The downside of all this is that we’re also stuck with lots of people who are not part of our tribe. Have you ever wondered why you can see images of people in some remote village in Africa who have to walk 5 kilometres (one way) to get water of questionable quality from a well and are still happy and smiling? While you’re sitting at your office wondering if the clock is actually ticking backwards? That’s because the village people are in their tribe, and you are not.

 

More and more, we’ve started to use our microculture as a way of escapism. As our cabin in the woods, the place where we find back our sanity. As Gary Vee said, that “short period in space and time”. But it doesn’t have to be like that. Some people seem to see naturism as if it has an on/off switch. You become a naturist once you walk through the gates of the resort, and when you walk out again, you’re back to Average Joe on his way to the office with the backward ticking clock. While you could be a naturist every single moment of your life.

 

You see, something typical about naturists is that they spend some of their time without clothes. But that doesn’t mean that you’re not a naturist when you’re dressed. Because you still believe in the values, you still have the naturist mindset, and your tribe is still out there. While it may not be appreciated if you turn up naked at the office, you can practice naturism in different forms. Picking up some trash from the street is naturism. Treating the people around you with respect is naturism. Giving yourself a big smile in the mirror is naturism. You may even throw in a “Hi there, hot stuff!”, that’s not really naturism, but we all do that, right? Right?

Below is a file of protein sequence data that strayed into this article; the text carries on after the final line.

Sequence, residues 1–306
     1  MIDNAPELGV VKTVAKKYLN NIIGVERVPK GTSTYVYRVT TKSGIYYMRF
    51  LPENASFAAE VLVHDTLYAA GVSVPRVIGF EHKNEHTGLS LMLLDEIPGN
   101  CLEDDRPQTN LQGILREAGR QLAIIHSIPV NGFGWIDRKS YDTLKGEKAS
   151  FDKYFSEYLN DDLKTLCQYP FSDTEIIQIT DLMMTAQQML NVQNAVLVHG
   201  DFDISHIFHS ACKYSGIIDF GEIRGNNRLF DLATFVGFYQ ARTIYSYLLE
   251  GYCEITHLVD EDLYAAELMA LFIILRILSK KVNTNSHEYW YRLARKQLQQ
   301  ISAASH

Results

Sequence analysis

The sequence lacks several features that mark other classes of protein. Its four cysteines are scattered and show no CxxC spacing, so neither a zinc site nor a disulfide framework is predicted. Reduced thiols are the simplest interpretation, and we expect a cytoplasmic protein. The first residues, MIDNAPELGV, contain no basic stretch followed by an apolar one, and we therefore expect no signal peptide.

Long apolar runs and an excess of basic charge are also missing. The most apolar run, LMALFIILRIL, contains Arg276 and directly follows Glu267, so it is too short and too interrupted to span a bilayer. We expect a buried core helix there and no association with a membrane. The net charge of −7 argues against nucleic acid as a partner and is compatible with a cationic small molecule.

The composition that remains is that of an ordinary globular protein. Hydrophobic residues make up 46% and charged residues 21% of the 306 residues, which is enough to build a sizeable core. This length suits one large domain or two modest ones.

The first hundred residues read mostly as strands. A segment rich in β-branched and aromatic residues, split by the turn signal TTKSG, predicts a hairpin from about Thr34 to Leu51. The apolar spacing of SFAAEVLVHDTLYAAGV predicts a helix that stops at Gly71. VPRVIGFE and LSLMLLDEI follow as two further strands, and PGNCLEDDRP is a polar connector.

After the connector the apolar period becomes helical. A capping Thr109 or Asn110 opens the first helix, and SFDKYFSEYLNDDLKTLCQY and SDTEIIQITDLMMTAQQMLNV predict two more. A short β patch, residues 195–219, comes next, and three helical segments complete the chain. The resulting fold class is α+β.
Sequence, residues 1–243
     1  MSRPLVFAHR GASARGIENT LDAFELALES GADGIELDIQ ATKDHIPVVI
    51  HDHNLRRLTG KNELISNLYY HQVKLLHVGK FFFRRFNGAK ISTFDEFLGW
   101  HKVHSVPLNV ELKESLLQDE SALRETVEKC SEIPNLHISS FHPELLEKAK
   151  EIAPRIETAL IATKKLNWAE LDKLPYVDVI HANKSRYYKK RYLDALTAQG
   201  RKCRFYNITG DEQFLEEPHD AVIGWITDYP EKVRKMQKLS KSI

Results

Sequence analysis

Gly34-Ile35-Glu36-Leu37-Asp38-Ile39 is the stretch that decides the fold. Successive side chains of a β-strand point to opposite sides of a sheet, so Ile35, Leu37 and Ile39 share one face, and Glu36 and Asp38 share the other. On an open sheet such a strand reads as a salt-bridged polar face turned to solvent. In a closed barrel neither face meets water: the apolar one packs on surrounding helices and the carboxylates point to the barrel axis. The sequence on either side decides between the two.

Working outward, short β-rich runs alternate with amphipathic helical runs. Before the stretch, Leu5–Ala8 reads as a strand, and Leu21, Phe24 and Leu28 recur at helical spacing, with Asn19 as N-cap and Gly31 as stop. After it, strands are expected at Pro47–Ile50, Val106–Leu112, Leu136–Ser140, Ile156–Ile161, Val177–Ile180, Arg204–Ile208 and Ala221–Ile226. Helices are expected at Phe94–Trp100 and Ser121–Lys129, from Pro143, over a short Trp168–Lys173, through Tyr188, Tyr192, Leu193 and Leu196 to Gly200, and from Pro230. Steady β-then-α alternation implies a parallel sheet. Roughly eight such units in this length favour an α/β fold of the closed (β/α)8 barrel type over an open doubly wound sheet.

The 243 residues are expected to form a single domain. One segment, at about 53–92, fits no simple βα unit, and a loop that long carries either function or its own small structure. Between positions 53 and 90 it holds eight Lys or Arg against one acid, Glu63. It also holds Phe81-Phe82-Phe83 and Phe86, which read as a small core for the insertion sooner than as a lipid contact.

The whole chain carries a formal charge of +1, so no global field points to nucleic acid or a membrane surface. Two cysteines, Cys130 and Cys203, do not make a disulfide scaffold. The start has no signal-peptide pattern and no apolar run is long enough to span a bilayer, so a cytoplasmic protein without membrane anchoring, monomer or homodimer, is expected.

The importance of hanging out with your tribe

Does that mean that you can stop going to resorts, clubs, and beaches, and just keep on practising your own form of naturism? If that makes you happy, we don’t see why not. But for most people, it won’t work like that. We’re stuck with that tribal brain, remember? It will keep telling us to search for the members of our tribe and give us little dopamine hits when we find them. It will make us feel inspired, connected, happy.

 

Luckily, thanks to modern communication, we can now connect with our tribe more easily than ever. And although we still value real-life encounters more than anything, we know that this too might just be because our brain hasn’t adjusted to the existence of the internet yet. After all, it doesn’t really matter where you hang out with your tribe. Whether it’s on a beach, in a resort, or in a Facebook group. The important thing is that you use these moments to re-energise enough to fully enjoy your time in the outside world as well.

 
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2 thoughts on “The naturist microculture”

  1. In general, building a tribe around an ideology often has the drawback that the sense of belonging is conditional on accepting the ideology, and that’s often not a perfect fit. If people feel pressured to conform in a way they’re not entirely comfortable with, the sense of tribal belonging quickly gives way to awkwardness and feeling judged. The key is often for everyone to understand when it’s ok to disagree, but that is easier said than done. I’m talking very generally but I’m curious if you’ve ever come across these issues, ie tribal expectations you don’t go along with, in a naturist context?

    Reply